Answers to common questions.
No matter whether you already have an online presence or would like to create one, some aspects of marketing your business can be daunting. Let me help you avoid the most common mistakes I have come across.
The bare necessities
About domain names ...
A domain is the Internet address connected to your Website. Without a domain, people won't be able to access it. A domain is also needed if you want a professional email address. Depending where you register it, a domain should be about $25 per year.
Choosing a proper domain name for your business is really important for a number of reasons, including:
- Easy to spell.
- No special characters.
- Short so it can easily be displayed on business cards and signs.
- Including "Keywords" will help with Search Engine rankings.
- If your business is done in Canada, a '.ca' may be a good option but ensure the '.com' does not belong to your competition. Selection of '.ca' will be greater since '.com' can be registered by anyone. I always recommend purchasing ' '.ca' and '.com' is both are available.
- Search for a domain name and find out if it is available.
(Just because a domain is not connected to a Website does not mean it is available.)
A domain can be registered pretty much anywhere these days. Here are a few tips:
- You should always register the domain yourself.
Too many times I have come across businesses who had their Website designer register a domain under their own identity, creating delays when making changes, and potentially unpleasant situations when finding out they have been replaced.
- Choose a reputable registrar who will be easily accessible if you require support.
- Aside from an optional privacy feature that keeps the identity of the owner hidden, do not add any extras because most are covered my hosting services.
- If you want more than one domain, register them under the same account so they can be managed more easily.
- When registering, you are asked for a contact email address. Ensure this address belongs to you because renewal notifications will be sent to it. A Gmail address is a good choice because it is free and will not change in case you switch Internet Service Providers.
- Unless you only plan to have a Website for a short period of time, register it for as long as possible.
- Do not ask your Internet Service Provider to register a domain on your behalf because there are too many drawbacks to list.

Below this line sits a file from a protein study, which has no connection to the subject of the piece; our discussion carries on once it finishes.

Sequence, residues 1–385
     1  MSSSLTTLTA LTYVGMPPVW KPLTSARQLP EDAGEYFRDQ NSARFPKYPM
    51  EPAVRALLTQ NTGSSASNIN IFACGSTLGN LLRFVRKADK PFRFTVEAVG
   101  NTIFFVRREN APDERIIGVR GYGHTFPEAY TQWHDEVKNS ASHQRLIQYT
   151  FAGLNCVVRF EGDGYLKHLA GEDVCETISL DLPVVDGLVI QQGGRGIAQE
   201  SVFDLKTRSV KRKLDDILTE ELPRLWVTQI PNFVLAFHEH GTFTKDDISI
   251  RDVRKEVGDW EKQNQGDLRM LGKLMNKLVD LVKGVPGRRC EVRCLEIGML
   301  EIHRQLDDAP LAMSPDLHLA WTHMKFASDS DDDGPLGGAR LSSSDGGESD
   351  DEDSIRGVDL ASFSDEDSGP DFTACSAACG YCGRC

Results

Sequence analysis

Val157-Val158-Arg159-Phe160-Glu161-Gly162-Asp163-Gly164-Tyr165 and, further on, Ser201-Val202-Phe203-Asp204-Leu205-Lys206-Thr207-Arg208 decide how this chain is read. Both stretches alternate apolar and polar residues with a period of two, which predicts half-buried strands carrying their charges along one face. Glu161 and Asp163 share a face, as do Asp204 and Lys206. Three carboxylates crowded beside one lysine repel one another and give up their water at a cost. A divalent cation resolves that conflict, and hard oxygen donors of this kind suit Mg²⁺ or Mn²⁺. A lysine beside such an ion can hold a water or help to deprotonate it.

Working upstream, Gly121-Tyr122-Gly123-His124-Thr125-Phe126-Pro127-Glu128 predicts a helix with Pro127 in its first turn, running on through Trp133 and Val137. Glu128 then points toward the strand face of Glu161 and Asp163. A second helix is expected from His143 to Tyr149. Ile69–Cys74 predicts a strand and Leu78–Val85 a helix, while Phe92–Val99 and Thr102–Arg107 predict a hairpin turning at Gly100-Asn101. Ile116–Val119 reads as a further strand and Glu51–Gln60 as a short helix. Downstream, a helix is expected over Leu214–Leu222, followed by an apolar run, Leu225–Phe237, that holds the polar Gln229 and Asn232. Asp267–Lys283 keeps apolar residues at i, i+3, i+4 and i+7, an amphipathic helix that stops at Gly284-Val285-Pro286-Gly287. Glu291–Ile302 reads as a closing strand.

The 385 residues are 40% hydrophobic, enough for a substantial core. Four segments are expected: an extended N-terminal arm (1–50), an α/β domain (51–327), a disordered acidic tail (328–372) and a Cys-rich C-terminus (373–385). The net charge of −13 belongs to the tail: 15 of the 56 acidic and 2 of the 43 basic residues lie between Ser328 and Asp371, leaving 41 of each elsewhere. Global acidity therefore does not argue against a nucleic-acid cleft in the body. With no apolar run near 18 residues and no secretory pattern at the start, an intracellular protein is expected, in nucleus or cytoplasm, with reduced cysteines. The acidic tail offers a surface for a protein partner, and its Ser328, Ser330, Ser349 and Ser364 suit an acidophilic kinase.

About hosting ...
Think of a Website as a house. Hosting is the land the house sits on and the land is directly connected to roads that are the Internet. Without hosting, a Website can never be found. The domain name is your civic address.
Choosing a quality and reliable hosting provider is critical.
- Your Website and email accounts (if they contain the domain name) are directly affected. If the hosting server is experiencing problems so will your site and email.
- Features and compatibility. Not all hosting providers are the same and may not support certain functionality. Similar to an operating system for your personal computer, hosting servers can offer different platforms (think of PC vs. MAC). The platform needs to be compatible with the Website.
- Email accounts. Typically a hosting service will provide you with a limited number of email accounts, allowing you to create professional email accounts such as firstname.lastname@example.org. You should look for a host who enables you to forward your email to another email address, provides an auto-responder in case out are out of the office and Spam filtering services.
- Technical support is less important with established and reputable providers where "uptime" is close to 100% (there are enough backup systems in place to prevent any service interruption) but should still be a consideration to ensure issues get resolved quickly.
- Data transfer speed and limits determine how quickly the files (especially images) can be viewed. Limits are important if a lot of information is accessed and your Website has a lot of visitors.